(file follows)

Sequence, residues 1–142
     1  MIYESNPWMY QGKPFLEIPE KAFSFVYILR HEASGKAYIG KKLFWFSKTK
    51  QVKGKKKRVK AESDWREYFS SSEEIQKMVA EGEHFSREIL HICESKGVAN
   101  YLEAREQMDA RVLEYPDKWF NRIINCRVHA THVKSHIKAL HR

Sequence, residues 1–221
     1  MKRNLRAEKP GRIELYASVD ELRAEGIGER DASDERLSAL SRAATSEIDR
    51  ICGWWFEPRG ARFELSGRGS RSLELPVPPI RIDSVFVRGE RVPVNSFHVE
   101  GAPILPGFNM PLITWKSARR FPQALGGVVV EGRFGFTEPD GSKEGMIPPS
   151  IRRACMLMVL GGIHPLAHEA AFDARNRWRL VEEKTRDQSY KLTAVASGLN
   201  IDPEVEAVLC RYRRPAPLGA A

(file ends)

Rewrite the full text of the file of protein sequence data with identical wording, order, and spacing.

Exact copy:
Sequence, residues 1–142
     1  MIYESNPWMY QGKPFLEIPE KAFSFVYILR HEASGKAYIG KKLFWFSKTK
    51  QVKGKKKRVK AESDWREYFS SSEEIQKMVA EGEHFSREIL HICESKGVAN
   101  YLEAREQMDA RVLEYPDKWF NRIINCRVHA THVKSHIKAL HR

Sequence, residues 1–221
     1  MKRNLRAEKP GRIELYASVD ELRAEGIGER DASDERLSAL SRAATSEIDR
    51  ICGWWFEPRG ARFELSGRGS RSLELPVPPI RIDSVFVRGE RVPVNSFHVE
   101  GAPILPGFNM PLITWKSARR FPQALGGVVV EGRFGFTEPD GSKEGMIPPS
   151  IRRACMLMVL GGIHPLAHEA AFDARNRWRL VEEKTRDQSY KLTAVASGLN
   201  IDPEVEAVLC RYRRPAPLGA A